) the code that generate 'words' takes 90% of the time. And I'm really
    looking at deltas between different methods, not the absolute value. I
    was also using different code to get benchmarks for my previous
    message... Here's the code:


    #!/usr/bin/python
    # -*- coding: utf-8 -*-
    import os, time, re, array

    start = time.time()
    d = dict()
    for i in xrange(0, 1000000): d[unicode(i).encode('utf-8')] =
    array.array('i', (i, i+1, i+2, i+3, i+4, i+5, i+6))
    dt = time.time() - start
    vm = re.findall("(VmPeak.*|VmSize.*)", open('/proc/%d/status' %
    os.getpid()).read())
    print "%d keys, %s, %f seconds, %f keys per second" % (len(d), vm, dt,
    len(d) / dt)
     
    dmtr, Aug 7, 2010
    #16
  17. dmtr

    dmtr Guest

    I guess with the actual dataset I'll be able to improve the memory
    usage a bit, with BioPython::trie. That would probably be enough
    optimization to continue working with some comfort. On this test code
    BioPython::trie gives a bit of improvement in terms of memory. Not
    much though...

    >>> d = dict()
    >>> for i in xrange(0, 1000000): d[unicode(i).encode('utf-8')] = array.array('i', (i, i+1, i+2, i+3, i+4, i+5, i+6))


    1000000 keys, ['VmPeak:\t 125656 kB', 'VmSize:\t 125656 kB'],
    3.525858 seconds, 283618.896034 keys per second


    >>> from Bio import trie
    >>> d = trie.trie()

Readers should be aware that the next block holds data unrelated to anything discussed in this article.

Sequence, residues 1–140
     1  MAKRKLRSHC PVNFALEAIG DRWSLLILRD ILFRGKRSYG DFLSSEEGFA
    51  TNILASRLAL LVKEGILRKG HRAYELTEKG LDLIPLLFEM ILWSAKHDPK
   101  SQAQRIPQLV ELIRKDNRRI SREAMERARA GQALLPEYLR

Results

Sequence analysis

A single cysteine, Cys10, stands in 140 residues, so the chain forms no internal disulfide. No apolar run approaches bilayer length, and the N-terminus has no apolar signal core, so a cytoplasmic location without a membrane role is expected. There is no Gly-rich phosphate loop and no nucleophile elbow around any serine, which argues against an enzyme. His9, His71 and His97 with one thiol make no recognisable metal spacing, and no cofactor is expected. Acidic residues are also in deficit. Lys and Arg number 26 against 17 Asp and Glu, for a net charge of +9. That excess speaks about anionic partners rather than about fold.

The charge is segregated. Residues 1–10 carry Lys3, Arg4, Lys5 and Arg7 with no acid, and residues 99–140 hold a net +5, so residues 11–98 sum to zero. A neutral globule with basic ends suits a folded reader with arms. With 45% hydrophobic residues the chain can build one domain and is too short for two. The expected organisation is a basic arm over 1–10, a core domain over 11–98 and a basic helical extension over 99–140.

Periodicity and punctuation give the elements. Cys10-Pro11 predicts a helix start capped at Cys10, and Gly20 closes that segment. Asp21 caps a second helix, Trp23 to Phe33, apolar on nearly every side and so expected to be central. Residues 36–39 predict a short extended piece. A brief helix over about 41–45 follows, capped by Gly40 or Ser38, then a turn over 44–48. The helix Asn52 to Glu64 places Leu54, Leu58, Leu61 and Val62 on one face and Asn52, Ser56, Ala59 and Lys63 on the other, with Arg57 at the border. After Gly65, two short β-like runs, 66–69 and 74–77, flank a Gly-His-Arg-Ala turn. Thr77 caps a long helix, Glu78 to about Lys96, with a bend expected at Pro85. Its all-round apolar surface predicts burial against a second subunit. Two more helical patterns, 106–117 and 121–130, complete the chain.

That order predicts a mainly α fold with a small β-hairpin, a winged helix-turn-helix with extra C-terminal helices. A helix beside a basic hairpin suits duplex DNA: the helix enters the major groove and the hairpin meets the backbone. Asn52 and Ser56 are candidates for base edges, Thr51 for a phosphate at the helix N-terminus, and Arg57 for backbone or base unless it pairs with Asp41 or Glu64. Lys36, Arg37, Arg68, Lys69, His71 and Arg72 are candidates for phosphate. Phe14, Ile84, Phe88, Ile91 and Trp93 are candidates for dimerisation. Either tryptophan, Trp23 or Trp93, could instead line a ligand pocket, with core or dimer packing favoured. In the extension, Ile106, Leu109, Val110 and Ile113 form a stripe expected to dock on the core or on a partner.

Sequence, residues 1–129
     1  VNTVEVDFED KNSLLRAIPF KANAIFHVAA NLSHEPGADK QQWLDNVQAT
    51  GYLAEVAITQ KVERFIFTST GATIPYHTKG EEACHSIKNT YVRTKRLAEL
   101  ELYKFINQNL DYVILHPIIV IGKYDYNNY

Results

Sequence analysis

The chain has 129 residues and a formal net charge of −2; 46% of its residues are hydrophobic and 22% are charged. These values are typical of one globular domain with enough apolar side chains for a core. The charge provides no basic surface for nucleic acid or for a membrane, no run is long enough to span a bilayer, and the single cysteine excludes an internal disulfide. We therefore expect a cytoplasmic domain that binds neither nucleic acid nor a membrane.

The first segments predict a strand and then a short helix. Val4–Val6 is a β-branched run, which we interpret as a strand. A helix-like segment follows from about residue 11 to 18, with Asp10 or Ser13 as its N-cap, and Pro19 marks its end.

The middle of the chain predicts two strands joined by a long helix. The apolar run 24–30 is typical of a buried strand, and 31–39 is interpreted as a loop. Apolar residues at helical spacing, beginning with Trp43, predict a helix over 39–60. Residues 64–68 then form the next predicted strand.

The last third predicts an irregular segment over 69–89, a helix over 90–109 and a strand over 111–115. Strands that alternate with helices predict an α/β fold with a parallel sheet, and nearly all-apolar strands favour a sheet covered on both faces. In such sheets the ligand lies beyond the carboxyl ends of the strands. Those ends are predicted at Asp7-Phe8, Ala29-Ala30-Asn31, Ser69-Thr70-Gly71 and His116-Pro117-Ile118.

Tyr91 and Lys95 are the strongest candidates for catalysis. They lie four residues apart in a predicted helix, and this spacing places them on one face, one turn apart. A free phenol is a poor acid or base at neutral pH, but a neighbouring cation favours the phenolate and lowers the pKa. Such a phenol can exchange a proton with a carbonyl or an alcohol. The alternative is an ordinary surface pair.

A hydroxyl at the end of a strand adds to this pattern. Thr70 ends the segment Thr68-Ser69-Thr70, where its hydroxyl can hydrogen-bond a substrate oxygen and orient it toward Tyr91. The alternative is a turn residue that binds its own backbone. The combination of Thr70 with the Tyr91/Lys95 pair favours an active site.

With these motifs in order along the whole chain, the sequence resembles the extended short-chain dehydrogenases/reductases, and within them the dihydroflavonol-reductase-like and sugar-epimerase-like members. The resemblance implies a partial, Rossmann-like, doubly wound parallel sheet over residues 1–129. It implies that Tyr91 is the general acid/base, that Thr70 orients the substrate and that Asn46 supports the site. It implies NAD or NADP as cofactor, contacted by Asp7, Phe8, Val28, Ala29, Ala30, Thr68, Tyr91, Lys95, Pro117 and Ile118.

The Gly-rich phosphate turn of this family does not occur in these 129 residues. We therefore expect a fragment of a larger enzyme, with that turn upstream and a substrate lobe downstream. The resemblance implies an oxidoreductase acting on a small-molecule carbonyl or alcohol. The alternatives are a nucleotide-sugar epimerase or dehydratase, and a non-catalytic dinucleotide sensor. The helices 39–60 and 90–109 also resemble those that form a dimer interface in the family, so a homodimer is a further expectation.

>>> for i in xrange(0, 1000000): d[unicode(i).encode('utf-8')] = array.array('i', (i, i+1, i+2, i+3, i+4, i+5, i+6))


    1000000 keys, ['VmPeak:\t 108932 kB', 'VmSize:\t 108932 kB'],
    4.142797 seconds, 241382.814950 keys per second
     
    dmtr, Aug 7, 2010
    #17
  18. dmtr

    Guest

    Re: Is there any way to minimize str()/unicode() objects memory usage ?[Python 2.6.4] ?

    dmtr <> wrote:
    > I guess with the actual dataset I'll be able to improve the memory
    > usage a bit, with BioPython::trie. That would probably be enough
    > optimization to continue working with some comfort. On this test code
    > BioPython::trie gives a bit of improvement in terms of memory. Not
    > much though...
    >
    >>>> d = dict()
    >>>> for i in xrange(0, 1000000): d[unicode(i).encode('utf-8')] = array.array('i', (i, i+1, i+2, i+3, i+4, i+5, i+6))

    >


    Using struct.pack('7i',i, i+1, i+2, i+3, i+4, i+5, i+6) instead of
    array.array gives 20% improvement in time with (not surprisingly)
    the same memory usage.

    --
    -----------------------------------------------------------
    | Radovan Garabík http://kassiopeia.juls.savba.sk/~garabik/ |
    | __..--^^^--..__ garabik @ kassiopeia.juls.savba.sk |
    -----------------------------------------------------------
    Antivirus alert: file .signature infected by signature virus.
    Hi! I'm a signature virus! Copy me into your signature file to help me spread!
     
    , Aug 7, 2010
    #18
  19. dmtr

    Nobody Guest

    Re: Is there any way to minimize str()/unicode() objects memory usage [Python 2.6.4] ?

    On Fri, 06 Aug 2010 18:39:27 -0700, dmtr wrote:

    > Steven, thank you for answering. See my comments inline. Perhaps I
    > should have formulated my question a bit differently: Are there any
    > *compact* high performance containers for unicode()/str() objects in
    > Python? By *compact* I don't mean compression. Just optimized for
    > memory usage, rather than performance.
    >
    > What I'm really looking for is a dict() that maps short unicode
    > strings into tuples with integers.


    Use UTF-8 encoded strings (str/bytes) as keys rather than unicode objects.
     
    Nobody, Aug 7, 2010
    #19